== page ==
Before the fighting began, William addressed his men: “I have no doubt of the victory; we are come for glory; the victory is in our hands, and we may make sure of obtaining it if we so please.” He fought tirelessly: “to see him reining in his horse, shining with sword, helmet and shield, and brandishing his lance, was a pleasant yet terrible sight.” It was said that three horses were killed under him that day, but still he fought on.

Harold and his men had spread out along the ridge called Senlac Hill, which placed the Normans in the fields below at a disadvantage; but when, at length, on William’s order, the Normans staged a retreat, the English made the fatal decision to abandon their strong position and chase after them, at which point the tide of battle turned in William’s favor, for without warning the Normans swung around and engaged the English in a fight that quickly turned into a bloodbath. Harold fell, mortally wounded, beneath his standards depicting the Fighting Man and the Gold Dragon of Wessex. Traditionally, he was shot in the eye by an arrow, but that scene in the Bayeux Tapestry also shows a soldier, who may well be Harold, being cut down with axes. His mother and his mistress were able to identify his mutilated body only from secret marks on it.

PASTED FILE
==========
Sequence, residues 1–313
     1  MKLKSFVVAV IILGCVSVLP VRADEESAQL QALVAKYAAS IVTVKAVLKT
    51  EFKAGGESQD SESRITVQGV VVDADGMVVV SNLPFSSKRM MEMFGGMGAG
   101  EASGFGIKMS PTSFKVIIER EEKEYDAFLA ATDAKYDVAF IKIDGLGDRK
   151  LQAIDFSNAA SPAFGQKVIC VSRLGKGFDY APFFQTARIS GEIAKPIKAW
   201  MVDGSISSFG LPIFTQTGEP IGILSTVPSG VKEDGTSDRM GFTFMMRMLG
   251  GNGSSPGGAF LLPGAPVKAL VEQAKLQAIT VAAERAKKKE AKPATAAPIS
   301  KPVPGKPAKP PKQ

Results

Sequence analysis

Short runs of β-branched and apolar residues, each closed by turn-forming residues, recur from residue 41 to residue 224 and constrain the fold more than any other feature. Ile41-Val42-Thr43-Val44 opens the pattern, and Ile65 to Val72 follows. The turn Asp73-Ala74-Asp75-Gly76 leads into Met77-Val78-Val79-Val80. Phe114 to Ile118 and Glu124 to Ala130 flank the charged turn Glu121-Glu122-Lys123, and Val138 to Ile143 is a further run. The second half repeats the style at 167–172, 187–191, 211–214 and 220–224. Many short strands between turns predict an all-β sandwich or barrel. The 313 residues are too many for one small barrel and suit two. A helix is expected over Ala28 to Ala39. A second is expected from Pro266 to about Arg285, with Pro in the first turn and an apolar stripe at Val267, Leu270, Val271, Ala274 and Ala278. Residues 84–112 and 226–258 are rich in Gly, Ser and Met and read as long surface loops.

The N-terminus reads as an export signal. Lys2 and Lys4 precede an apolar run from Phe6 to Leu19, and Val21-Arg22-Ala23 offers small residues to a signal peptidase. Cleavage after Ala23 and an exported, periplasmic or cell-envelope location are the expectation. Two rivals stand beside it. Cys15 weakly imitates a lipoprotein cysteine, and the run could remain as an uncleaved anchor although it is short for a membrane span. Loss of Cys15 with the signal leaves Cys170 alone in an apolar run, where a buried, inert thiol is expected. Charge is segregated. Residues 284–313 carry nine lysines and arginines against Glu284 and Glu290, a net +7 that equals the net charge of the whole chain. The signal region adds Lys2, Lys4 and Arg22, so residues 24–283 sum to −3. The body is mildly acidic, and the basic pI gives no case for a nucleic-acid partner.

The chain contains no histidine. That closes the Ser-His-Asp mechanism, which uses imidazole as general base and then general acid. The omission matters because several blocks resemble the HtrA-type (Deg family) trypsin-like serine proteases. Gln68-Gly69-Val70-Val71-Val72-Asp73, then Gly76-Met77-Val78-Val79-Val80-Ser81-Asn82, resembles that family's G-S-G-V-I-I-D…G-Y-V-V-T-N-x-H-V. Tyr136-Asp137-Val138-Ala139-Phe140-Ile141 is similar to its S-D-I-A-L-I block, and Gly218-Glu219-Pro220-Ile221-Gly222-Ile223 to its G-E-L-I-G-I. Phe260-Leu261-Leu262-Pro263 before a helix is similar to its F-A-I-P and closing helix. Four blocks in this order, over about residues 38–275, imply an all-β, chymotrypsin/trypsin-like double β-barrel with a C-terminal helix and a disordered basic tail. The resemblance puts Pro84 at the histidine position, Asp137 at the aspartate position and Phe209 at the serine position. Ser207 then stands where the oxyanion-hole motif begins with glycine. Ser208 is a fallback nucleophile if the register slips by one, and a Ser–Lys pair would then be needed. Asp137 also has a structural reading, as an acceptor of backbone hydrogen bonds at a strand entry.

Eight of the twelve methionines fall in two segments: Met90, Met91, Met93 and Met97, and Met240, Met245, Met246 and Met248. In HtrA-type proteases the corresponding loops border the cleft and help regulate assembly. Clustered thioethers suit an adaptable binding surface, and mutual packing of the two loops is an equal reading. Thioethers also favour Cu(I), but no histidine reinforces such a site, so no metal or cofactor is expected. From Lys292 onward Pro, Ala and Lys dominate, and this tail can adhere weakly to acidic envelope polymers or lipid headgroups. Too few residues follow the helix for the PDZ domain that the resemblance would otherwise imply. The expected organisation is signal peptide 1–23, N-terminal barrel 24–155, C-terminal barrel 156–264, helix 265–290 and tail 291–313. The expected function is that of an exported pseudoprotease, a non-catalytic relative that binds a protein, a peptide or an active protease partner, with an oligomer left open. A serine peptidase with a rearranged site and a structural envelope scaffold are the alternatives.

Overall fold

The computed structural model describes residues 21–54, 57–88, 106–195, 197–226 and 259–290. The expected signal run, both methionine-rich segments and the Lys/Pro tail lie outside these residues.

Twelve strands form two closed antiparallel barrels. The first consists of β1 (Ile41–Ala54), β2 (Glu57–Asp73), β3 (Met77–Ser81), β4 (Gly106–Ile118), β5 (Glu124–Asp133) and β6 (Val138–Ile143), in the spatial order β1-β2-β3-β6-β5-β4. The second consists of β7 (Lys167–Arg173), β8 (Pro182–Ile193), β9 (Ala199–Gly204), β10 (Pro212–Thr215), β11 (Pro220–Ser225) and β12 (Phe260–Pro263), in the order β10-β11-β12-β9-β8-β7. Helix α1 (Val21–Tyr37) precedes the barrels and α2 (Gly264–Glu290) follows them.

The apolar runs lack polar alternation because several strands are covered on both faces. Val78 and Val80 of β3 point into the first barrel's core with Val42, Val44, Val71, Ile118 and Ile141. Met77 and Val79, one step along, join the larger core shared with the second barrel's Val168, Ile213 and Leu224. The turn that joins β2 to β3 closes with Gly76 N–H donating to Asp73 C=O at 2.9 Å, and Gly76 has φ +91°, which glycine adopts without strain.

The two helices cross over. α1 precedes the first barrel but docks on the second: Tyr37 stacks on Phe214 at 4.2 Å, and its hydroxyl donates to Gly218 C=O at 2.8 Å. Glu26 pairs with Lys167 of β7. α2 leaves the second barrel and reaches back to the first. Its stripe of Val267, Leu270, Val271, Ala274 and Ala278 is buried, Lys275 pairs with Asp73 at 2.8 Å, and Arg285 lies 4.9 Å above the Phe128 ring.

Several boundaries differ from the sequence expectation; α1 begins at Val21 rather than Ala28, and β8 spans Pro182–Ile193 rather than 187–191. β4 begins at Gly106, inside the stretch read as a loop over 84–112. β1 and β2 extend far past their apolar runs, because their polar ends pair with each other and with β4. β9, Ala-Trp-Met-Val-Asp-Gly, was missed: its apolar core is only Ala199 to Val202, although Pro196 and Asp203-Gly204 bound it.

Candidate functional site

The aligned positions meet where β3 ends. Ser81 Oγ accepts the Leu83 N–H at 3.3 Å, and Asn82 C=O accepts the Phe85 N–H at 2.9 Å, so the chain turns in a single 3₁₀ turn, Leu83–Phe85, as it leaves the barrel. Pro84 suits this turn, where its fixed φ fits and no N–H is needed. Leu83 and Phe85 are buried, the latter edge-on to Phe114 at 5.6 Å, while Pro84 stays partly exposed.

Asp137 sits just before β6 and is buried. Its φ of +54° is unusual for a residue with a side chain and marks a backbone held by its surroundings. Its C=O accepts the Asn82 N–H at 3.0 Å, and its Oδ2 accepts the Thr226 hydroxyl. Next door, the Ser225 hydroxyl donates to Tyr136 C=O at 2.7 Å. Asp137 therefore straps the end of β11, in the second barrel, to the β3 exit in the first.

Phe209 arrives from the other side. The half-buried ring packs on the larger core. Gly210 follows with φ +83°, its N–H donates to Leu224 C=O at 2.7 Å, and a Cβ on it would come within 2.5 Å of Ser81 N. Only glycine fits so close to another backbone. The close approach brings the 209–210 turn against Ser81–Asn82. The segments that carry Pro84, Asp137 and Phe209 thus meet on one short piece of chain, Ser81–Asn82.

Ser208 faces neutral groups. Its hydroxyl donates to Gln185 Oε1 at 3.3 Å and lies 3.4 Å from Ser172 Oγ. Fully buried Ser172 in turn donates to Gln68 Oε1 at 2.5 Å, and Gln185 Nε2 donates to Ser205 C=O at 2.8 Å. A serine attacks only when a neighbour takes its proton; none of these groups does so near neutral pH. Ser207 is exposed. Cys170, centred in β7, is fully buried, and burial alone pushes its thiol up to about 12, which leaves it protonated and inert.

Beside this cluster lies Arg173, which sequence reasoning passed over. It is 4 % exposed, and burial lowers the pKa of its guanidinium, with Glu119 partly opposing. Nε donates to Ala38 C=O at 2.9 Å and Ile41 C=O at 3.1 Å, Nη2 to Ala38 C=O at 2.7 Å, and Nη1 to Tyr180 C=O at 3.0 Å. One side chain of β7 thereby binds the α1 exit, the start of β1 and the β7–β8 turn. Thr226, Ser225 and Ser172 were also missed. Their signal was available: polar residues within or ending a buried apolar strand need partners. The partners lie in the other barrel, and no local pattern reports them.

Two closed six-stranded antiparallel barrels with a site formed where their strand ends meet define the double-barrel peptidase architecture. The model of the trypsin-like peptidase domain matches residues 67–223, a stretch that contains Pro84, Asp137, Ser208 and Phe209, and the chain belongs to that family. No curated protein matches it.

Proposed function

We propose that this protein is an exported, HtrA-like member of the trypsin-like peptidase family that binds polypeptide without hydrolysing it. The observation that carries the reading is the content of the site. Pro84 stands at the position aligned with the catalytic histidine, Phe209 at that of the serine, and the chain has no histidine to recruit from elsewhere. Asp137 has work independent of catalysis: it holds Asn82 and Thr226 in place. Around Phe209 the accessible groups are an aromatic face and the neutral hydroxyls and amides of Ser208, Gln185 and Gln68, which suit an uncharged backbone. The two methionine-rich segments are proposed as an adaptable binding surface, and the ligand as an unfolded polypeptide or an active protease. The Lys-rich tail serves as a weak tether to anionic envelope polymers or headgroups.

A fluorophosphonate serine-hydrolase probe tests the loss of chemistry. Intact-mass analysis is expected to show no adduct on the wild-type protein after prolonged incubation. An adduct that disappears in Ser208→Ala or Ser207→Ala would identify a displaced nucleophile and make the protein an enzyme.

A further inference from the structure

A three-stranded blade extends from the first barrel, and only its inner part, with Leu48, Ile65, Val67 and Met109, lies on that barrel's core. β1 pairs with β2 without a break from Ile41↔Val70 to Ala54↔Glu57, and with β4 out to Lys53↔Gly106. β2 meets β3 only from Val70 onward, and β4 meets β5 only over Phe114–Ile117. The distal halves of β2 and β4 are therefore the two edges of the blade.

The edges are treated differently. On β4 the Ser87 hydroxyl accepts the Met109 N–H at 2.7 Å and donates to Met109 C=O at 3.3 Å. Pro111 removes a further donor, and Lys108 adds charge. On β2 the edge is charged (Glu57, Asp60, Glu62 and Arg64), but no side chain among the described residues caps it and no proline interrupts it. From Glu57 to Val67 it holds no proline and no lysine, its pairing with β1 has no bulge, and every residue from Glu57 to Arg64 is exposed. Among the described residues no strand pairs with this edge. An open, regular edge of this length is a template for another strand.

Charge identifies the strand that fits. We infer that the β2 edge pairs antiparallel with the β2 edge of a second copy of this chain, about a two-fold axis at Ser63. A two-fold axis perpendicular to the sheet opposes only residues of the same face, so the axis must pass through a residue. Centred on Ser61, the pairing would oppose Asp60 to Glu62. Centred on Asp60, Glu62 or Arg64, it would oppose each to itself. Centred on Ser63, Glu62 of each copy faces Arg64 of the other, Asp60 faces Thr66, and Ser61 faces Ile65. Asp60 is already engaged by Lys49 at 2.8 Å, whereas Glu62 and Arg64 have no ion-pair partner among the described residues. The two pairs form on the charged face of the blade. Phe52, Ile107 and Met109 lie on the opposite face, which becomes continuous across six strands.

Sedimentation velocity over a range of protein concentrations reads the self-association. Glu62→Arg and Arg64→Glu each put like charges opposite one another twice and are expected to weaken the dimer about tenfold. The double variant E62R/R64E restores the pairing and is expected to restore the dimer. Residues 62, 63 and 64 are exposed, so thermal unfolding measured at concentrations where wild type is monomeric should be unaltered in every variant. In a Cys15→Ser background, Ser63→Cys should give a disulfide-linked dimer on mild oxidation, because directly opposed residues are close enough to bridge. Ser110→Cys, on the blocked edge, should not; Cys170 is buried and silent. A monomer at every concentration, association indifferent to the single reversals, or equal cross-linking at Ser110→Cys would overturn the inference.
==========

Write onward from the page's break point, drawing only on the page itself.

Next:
The victory was William’s, and, in fulfillment of a vow he had made before he sailed, “on the very spot where God granted him the conquest of England, he caused a great abbey to be built; and settled monks in it and richly endowed it.”2 Here Harold and many others had died, and in the abbey William provided for prayers to be offered in perpetuity for his own sins, for those of his wife Matilda, and for those of the fallen. Today, Battle Abbey stands on the site, although there is very little that remains of William’s original foundation.

William had now to consolidate his victory and establish himself as king, but first he sent his messenger across the sea to Normandy to tell Matilda that she was now, by the grace of God, queen of England.

part one

Matilda of Flanders 

Queen of William I


“A Very Beautiful and Noble Girl”

Count Baldwin V of Flanders was famed throughout Christendom as the wisest of men,1 a firm ruler and a precursor of the knights of chivalry—-the kind of prince whose friendship was much sought after. He was “a man of great power who towered above the rest. Counts, marquises, dukes, even archbishops of the highest dignity were struck dumb with admiration whenever the duty of their office earned them the presence of this distinguished guest. Kings too revered and stood in awe of his greatness.”2 He was descended from a powerful and noble family,3 and from the Emperor Charlemagne and England’s King Alfred (reigned 871–-99); Alfred’s daughter Elfrida had married his ancestor Baldwin II.

Baldwin ruled one of the greatest territories in northern Europe. He was strong of body, mighty in arms, wise in council, of “well--tried integrity” and “admirable alike for loyalty and wisdom, grey--haired yet with the vigour of youth.” Although not at heart a man of war, if he thought a cause was just he would support it wholeheartedly and keep faith with his allies.4 His reputation was such that in 1060 his brother--in--law, Henry I, King of France, would name him regent for his young son Philip.